Susan Horton, DVM
Green iguanas are very popular pets. They are perhaps one of the most misunderstood and poorly kept of all reptile pets. They can reach considerable size. Recorded weights and lengths of adult male iguanas have been as much as 20 pounds and 7 feet respectively. Certainly not every iguana will become such a giant. But when considering an iguana’s environmental needs, such size factors should be taken into account. They also have specific temperature, humidity, lighting, and dietary needs. These topics will be covered in this handout. At the end of this handout, a list of informative green iguana books is provided.
With daily handling, iguana (also called, “iggies”) hatchling and juveniles can be transformed from flighty creatures into calm pets. However, the power of this species should never be underestimated once adulthood is reached! These lizards are relatively large in maturity and can cause severe injury if not properly handled and respected with their tails, nails, and bites. Iggies, although well tempered, are given up frequently due to their size, habitat requirements, and their temperament. This is at least a 10 year commitment and a hefty financial investment as well.
Reptile rescues and local zoos are constantly asked to accept relinquished iguanas and most no longer accept these animals. Please, consider adopting an adult or juvenile from a reptile rescue.
This New World species of lizard is found primarily in Mexico down to Brazil and has been introduced toHawaii and South Florida where they are now considered nuisance animals. This species has also been introduced to the Lesser Antilles region where it competes directly with the population of native iguanas. Despite the iguana’s ability to thrive and reproduce in introduced areas, this species is declining in native habitats due to habitat destruction, their use as leather and food, and the pet trade.
This is a long lived species averaging about 10-16 years with some living up to 25 years. In captivity, they can thrive and grow from a hatchling to a large adult in 3-5 years. It is well known now that this species requires optimal ultra violet radiation B (UVB) exposure as well as high quality diets.
Keep in mind your cute little hatchling iguana will someday be much bigger. You may start with a small 20-gallon aquarium now, but one day you will need a custom cage or room dedicated to his reptilian needs. Surfaces of your chosen enclosure should be smooth. Iguanas will rub their scales off their noses and hurt their feet if their enclosure is made of wire. Wood may be used so long as it has been sealed with exterior polyurethane varnish (such as marine varnish or similar). Allow the coating to cure for several days and air it out well before inhabiting it. Molded plastic and acrylic cages work well until the iguana out grows them. Iguanas should never be kept loose in the house. There are to many dangers this way, such as animal attacks, accidental injuries, and chilling.
Your iguana will need branches to climb on. Chose branches of appropriate diameter and strength to support his weight. Branches from outside can bring in pests. I suggest either baking at 320 for 20 minutes or drying out over the outdoor gas grill for 30 minutes. Keep branch away from flames (for the obvious reasons). Choose hard wood always. Pine and cedar will smoke heavily when baked! I usually use maple or oak.
Security is especially important for small iguanas. For these little guys I suggest covering half the exterior of the cage with paper or towels to provide a safe refuge from perceived predators (i.e. you, the dog, the cat, etc). Eventually you can remove this covering, once the little guy has acclimated to his new surroundings (6 months or so). Silk plants may look nice in the cage, but most iguanas will eventually try to eat them. They can be placed outside the cage instead.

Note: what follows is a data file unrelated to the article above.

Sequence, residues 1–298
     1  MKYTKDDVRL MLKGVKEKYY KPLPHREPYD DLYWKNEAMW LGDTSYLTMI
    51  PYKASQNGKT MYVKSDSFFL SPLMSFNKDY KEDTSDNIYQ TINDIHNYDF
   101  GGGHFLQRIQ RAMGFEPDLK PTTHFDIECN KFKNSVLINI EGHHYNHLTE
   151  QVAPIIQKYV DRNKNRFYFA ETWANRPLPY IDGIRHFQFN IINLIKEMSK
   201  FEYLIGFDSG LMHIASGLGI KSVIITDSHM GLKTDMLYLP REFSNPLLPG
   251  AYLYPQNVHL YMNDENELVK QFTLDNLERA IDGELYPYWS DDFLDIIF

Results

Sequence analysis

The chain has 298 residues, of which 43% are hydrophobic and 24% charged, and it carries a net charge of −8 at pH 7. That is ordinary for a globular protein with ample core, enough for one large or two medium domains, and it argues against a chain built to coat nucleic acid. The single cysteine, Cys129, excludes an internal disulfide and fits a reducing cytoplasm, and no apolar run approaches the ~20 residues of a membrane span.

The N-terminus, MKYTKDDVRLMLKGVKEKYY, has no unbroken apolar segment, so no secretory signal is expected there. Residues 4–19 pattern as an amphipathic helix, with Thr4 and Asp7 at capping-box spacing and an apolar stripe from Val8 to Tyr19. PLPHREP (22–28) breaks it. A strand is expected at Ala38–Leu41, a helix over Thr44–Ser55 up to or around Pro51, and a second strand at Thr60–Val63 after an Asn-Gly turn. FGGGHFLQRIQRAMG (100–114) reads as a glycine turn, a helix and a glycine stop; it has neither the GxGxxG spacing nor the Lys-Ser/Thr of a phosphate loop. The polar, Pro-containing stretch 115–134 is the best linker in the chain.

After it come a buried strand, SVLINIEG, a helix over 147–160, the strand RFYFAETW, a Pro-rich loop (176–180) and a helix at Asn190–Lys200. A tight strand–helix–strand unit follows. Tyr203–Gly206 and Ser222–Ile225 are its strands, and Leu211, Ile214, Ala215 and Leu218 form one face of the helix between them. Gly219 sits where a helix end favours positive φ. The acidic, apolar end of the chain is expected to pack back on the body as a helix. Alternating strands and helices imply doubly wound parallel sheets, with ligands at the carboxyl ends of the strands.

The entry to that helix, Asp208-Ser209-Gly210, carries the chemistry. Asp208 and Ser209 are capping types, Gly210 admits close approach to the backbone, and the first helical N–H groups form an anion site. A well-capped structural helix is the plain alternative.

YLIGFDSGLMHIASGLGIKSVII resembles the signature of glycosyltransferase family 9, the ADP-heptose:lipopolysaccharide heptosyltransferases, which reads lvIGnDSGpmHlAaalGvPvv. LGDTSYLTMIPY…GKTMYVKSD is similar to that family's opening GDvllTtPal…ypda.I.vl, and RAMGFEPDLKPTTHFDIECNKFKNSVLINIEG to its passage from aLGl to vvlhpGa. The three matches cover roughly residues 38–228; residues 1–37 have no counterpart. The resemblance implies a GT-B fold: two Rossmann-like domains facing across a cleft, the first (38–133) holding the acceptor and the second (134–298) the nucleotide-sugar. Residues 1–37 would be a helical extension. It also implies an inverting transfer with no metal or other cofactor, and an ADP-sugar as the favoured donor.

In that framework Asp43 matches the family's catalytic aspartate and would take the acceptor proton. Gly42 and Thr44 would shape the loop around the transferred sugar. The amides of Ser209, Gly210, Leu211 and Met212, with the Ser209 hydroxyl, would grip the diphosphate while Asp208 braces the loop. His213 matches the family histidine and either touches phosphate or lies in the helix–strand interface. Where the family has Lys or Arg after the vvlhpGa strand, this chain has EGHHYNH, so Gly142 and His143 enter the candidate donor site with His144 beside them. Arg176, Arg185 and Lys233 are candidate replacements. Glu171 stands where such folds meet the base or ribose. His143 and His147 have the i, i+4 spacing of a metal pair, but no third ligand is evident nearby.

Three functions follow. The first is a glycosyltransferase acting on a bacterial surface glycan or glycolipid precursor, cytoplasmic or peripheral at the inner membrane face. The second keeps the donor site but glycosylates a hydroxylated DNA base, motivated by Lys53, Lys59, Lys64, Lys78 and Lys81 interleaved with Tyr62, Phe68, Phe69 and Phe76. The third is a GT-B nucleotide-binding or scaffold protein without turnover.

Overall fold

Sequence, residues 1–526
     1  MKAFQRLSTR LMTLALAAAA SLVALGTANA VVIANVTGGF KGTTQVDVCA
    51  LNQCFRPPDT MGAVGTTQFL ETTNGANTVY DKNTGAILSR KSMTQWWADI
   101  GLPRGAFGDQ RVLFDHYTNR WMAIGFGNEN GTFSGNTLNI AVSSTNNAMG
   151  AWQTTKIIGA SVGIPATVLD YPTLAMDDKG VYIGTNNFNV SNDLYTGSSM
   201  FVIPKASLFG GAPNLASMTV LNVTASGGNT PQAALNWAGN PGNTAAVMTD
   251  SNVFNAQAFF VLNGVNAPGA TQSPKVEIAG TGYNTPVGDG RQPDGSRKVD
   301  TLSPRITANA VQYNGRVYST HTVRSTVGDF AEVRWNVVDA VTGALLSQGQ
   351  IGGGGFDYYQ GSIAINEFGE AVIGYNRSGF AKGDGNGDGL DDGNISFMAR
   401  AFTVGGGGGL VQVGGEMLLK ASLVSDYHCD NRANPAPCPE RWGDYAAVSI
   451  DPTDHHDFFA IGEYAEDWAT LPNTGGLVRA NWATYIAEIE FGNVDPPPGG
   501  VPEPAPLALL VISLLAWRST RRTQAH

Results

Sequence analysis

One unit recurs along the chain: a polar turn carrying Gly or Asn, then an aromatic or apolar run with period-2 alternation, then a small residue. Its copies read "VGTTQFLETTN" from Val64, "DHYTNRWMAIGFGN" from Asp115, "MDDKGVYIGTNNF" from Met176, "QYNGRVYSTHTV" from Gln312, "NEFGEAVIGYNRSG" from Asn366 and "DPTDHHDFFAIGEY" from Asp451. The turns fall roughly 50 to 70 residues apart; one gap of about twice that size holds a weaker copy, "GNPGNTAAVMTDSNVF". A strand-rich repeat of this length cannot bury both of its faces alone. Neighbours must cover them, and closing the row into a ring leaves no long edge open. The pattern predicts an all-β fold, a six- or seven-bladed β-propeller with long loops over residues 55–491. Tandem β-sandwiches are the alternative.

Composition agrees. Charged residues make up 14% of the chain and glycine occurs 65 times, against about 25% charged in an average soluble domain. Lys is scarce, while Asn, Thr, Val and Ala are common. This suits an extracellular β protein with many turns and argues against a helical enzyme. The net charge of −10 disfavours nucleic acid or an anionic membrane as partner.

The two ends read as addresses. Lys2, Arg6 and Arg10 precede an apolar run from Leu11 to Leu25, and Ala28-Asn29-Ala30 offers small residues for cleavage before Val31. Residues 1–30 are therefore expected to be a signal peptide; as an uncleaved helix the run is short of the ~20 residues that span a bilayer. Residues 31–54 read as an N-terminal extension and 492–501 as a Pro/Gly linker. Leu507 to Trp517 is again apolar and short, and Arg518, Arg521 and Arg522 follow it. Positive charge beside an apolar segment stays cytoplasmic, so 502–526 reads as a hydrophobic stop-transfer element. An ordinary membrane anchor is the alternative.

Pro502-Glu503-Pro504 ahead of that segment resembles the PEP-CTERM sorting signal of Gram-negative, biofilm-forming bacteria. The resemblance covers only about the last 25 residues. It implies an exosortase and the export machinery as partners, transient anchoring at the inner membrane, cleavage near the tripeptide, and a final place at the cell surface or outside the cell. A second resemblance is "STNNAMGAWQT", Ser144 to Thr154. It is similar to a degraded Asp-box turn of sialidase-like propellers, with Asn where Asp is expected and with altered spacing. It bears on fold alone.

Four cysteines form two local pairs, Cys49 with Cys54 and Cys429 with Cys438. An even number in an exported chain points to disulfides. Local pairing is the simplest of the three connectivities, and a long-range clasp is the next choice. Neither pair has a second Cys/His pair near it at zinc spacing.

I recommend newspaper or outdoor carpet. Newspaper should be changed often. If you choose outdoor carpeting, have several pieces. This way you can be sanitizing one and still have another to place in the cage. I do not recommend any particulate bedding, (corncob, wood chips, wood shavings, etc.). It is swallowed easily by iguanas. Intestinal blockage will lead to death if not addressed quickly. Particle bedding also hides a mess well. The moisture from spilled water, feces and urine build up in particulate bedding and will promote bacterial infections in your iguana. Reproductive females will require a dig box to stimulate egg laying and prevent behavioral retention. Dig boxes are designated areas or enclosed sections of top soil that can go as much as 2 feet deep!
An iguana can not digest properly or have a competent immune system with out the ideal heat. He is an ectotherm, which means he is the same temperature as his surroundings. The preferred optimum temperature zone (POTZ) temperature for green iguanas is 85°F to 95°F. The ideal nighttime temperature is 80°F-85°F. A gradient within the enclosure is ideal. This way the iguana can heat up and cool down as his body requires. Maintaining temperature is difficult. Most enclosures require a heating mat applied outside the cage with a thermostat to maintain nighttime temperatures. For basking, a reflector with appropriate wattage bulb will do. A branch should be provided under the bulb. For iguana rooms, a space heater can be used. Build a protective barrier around it so the iguana can’t get burned. Protect your iguana from burns by using a thermometer to figure out the high and low temperature areas of your cage before you place him in it. Never allow the iguana to touch the heat mat or bulb directly. Severe burns will occur. Hot rocks are not appropriate. Your iguana is a basker, meaning he gets his heat form basking in the sun. The hot rock will not heat the enclosure and will promote burns and dehydration for your iguana. Do not place a glass enclosure in direct sunlight. It will overheat and cook your lizard. Lights should go off at night. I use timers on my lights.
Humidity and water